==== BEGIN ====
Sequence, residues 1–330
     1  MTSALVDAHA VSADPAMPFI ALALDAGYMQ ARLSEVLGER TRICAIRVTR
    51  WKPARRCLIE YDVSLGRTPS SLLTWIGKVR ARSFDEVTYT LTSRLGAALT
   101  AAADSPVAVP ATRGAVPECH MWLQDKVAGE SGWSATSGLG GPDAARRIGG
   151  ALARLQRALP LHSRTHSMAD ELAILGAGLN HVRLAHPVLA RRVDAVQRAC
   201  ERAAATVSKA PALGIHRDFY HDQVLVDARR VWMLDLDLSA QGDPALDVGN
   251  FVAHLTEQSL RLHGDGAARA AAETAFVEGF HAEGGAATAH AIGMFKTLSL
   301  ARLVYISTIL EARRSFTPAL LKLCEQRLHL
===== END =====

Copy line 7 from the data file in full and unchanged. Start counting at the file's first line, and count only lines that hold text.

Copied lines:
   251  FVAHLTEQSL RLHGDGAARA AAETAFVEGF HAEGGAATAH AIGMFKTLSL